Saying in English : "she told you to go home" can be rendered in a few different ways in Japanese, depending on the degree of "imperativeness" you want to express :
- she told you " go home !" : uchi (he) kaete to (kanojo wa) iutta (he =é)
- she told you that you'd better go home : uchi (he) kaetara ho ga ii to (kanojo wa) iutta
- uchi he kaerina is also good, the ending -na being a "mild imperative" like "and if you went back home ?"
- also : "kaetara (doo) ?", short and simple = "what about going back home ?".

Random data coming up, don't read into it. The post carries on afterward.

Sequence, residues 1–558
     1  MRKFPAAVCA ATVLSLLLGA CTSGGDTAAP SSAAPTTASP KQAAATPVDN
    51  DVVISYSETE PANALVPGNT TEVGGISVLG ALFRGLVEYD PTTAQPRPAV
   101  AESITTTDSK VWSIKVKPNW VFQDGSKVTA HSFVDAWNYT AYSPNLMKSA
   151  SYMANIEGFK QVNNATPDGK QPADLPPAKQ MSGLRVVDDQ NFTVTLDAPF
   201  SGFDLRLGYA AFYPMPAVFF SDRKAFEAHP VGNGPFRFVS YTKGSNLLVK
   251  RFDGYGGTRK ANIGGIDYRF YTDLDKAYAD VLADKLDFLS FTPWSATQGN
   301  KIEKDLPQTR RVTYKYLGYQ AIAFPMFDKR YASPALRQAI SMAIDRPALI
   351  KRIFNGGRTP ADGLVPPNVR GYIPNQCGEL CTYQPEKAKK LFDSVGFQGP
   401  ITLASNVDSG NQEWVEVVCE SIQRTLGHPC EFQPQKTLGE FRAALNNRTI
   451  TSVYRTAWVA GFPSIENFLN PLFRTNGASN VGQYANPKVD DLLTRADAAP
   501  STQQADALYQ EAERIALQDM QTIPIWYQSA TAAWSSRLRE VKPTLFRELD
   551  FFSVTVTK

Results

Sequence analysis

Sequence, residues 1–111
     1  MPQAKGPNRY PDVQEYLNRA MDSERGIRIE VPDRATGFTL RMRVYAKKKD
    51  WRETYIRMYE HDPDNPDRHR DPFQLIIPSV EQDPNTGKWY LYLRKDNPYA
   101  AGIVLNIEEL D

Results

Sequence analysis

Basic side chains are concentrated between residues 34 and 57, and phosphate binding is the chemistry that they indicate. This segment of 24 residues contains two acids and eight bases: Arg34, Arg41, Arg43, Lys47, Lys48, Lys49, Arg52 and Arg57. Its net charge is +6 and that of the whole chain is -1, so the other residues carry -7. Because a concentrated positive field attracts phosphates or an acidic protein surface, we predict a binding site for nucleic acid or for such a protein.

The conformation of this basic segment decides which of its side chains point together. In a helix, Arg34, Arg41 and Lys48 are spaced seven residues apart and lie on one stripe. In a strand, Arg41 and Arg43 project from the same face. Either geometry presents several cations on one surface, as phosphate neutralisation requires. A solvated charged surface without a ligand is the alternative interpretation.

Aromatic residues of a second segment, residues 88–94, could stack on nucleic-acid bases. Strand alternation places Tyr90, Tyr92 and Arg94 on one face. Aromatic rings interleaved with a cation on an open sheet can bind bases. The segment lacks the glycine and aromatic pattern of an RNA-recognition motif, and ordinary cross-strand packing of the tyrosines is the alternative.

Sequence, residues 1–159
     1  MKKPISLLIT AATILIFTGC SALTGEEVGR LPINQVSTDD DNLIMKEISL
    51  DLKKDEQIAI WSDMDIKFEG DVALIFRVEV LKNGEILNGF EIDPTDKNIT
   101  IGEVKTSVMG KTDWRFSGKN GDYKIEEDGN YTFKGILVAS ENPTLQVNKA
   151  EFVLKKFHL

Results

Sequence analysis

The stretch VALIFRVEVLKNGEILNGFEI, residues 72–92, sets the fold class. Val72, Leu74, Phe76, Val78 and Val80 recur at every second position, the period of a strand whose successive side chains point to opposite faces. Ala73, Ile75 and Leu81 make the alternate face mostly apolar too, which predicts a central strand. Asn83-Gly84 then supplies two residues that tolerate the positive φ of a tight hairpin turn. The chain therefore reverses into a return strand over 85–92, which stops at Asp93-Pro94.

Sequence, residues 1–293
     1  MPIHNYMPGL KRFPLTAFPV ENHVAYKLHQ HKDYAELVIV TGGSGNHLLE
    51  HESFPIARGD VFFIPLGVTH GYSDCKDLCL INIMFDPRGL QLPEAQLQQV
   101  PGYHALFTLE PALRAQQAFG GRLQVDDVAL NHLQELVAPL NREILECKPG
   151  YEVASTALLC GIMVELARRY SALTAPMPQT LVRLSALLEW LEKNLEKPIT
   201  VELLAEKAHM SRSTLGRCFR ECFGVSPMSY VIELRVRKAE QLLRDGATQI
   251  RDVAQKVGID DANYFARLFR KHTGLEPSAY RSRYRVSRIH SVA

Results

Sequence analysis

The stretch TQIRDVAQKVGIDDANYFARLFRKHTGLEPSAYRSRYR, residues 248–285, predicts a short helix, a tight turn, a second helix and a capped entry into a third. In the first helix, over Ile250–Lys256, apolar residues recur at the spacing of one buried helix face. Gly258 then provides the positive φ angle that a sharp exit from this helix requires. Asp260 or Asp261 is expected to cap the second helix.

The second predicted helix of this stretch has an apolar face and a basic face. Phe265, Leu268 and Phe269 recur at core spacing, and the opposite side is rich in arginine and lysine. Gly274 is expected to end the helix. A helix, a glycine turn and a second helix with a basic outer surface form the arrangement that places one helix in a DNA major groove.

I am confused about three (last questions, really) things.
You have "uchi....." "kanojo wa". It could just be the books i've read but how come the subject (topic) doesn't come first (as in: "kanojo wa uchi .....")? What's the difference between "e" and "ni"? Lastly, leaving out the particle doesn't change the meaning of the sentence?